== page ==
Tourists from all over the world come to visit Newport's many attractions.

Breakers Mansion in Newport

The Breakers
(Vanderbuilt) Mansion

Including it’s most elaborate mansions with tours of the rich and famous that shaped America’s 19th and 20th centuries.

They include the Marble House, the Breakers, the Hunter House, Elms, Rosecliff, the Chateau-sur-Mer, Chepstow, the Kingscote, the Isaac Bell House, and Belcourt Castle which offers another unique opportunity to step back in time and enjoy the atmosphere of the Gilded Age.

The Cliff Walk is 3.5 miles along an elevated path, where you'll get the chance to see the many mansions that define Newport along with picturesque views of the harbor. It begins at First Beach, or Easton's Beach, and finishes at the private Bailey's Beach.

Other walks in Newport include the Newport Harbor Walk and the Ten Mile Ocean Drive with many of those miles you have public access to the shoreline, starting at the Breakers mansion.

 

Directions:

small park by Newport Harbor lighthouse

 

Contact Info:

Friends of Newport Harbor Lighthouse
c/o American Lighthouse Foundation
PO Box 565
Rockland, ME 04841

sailboat moored near Newport Harbor light

 

 

Local Boat Tours

Boat cruises mentioned below offer many types of cruises. While some may offer specific lighthouse cruises, some will pass by specific lighthouses as part of charters, narrated wildlife and historic tours, ferrying passengers, whale watching, fishing tours and other types of excursions. Contact info is provided to help you plan your special trips to New England’s shorelines. Enjoy!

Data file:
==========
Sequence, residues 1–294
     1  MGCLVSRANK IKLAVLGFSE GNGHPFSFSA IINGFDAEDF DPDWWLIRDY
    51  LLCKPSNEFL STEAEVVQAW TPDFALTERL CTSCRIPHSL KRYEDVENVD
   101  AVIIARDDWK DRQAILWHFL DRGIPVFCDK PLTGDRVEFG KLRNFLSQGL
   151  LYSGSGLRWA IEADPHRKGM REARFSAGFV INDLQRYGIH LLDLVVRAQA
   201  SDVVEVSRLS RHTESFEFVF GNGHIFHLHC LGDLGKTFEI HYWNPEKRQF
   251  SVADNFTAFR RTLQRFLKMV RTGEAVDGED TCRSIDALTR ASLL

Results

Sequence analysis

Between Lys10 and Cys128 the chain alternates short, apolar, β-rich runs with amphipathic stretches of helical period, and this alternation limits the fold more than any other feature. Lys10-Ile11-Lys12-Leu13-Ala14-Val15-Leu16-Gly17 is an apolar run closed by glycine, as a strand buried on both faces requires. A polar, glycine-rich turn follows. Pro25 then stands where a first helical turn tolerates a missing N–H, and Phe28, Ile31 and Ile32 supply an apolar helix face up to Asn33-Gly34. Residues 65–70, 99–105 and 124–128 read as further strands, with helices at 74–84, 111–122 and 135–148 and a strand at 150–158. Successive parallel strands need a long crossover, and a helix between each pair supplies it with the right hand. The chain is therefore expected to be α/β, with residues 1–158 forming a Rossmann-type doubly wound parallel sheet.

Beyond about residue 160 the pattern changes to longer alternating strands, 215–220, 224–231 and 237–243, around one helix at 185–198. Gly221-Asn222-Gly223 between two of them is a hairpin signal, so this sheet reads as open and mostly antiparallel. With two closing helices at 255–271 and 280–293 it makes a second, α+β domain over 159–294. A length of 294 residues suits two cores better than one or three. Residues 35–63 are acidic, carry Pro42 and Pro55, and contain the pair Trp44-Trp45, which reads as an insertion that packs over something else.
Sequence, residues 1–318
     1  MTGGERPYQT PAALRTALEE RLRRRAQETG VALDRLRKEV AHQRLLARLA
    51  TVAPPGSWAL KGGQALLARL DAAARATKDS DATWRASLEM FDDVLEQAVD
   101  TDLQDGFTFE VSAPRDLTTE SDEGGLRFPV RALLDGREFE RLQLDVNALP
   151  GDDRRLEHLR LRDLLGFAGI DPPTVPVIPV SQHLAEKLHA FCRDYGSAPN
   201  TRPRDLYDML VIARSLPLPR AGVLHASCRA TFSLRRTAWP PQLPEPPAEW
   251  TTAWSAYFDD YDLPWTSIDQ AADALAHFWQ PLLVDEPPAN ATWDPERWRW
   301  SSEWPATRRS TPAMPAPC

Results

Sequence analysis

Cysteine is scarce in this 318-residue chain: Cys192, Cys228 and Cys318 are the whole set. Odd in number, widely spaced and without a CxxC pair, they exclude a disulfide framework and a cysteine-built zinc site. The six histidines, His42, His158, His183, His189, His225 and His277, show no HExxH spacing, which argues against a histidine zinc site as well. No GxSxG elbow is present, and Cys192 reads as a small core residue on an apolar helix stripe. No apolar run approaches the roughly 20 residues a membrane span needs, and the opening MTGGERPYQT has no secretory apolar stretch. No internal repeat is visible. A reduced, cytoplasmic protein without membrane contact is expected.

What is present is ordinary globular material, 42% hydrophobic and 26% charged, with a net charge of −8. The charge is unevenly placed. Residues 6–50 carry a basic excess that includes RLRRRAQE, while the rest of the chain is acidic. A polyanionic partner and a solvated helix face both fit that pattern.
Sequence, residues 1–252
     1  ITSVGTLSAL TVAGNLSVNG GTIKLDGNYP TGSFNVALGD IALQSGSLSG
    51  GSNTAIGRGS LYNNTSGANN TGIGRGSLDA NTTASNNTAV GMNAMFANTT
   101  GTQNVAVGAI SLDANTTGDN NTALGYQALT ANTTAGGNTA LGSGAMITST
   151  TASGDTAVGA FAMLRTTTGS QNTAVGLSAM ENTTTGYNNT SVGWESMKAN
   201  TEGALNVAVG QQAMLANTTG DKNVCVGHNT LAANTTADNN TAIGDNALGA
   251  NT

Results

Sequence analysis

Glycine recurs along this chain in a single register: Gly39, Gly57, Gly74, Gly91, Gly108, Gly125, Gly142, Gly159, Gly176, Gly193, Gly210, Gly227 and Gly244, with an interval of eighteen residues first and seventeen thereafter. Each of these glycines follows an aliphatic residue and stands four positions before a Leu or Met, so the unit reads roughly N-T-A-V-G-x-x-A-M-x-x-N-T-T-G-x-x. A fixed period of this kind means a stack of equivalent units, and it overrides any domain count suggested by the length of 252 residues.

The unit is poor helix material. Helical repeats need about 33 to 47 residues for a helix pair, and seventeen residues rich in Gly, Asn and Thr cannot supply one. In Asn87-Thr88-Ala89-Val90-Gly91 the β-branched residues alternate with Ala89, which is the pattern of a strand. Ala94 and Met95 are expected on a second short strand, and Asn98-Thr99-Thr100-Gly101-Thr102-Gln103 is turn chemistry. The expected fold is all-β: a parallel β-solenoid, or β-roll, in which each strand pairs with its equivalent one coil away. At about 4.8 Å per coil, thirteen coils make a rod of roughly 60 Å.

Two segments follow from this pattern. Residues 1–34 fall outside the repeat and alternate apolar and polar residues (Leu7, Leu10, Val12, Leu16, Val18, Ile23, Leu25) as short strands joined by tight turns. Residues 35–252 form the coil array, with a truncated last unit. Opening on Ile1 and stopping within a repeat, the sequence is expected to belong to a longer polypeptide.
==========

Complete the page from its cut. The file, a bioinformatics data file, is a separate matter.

Rhode Island Bay Cruises
Offers weekly lighthouse tours in season.

347 Roger Williams Way
North Kingstown, RI 02852
(401) 295-4040
info@rhodeislandbaycruises.com

 

Jamestown-Newport Ferry

They provide a stop over at Rose Island lighthouse and harbor tours for views of Newport Harbor light and Ida Lewis light, departing from Jamestown, RI.
Lighthouses: Newport Harbor (Goat Island), Lime Rock, Castle Hill, and Rose Island.


Classic Cruises of Newport
Newport Harbor excursions aboard a newly restored Elco Motor Yacht, built during prohibition in 1929, or go sailing on the 72-foot Schooner Madeleine. Both offer views by the Newport lighthouses.

Dockside/Reservations: (401) 847-0298

Save the Bay Tours
Special organization for lighthouse and coastal preservation. In addition to various educational, nature, and historical tours, they provide an Ultimate Lighthouse Tour, and Southern and Northern Bay Lighthouse Tours on specific days during the summer. Tours may include stopovers to tour inside a particular lighthouse.
100 Save the Bay Drive, Providence, RI 02905
(401) 439-0670


 

 

My book, Lighthouses and Coastal Attractions of Southern New England: Connecticut, Rhode Island, and Massachusetts, provides special human interest stories from each of the 92 lighthouses, along with plenty of indoor and outdoor coastal attractions and tours you can explore.

Look inside!

book about lighthouses and local coastal attractions in southern New England

 

Back to Top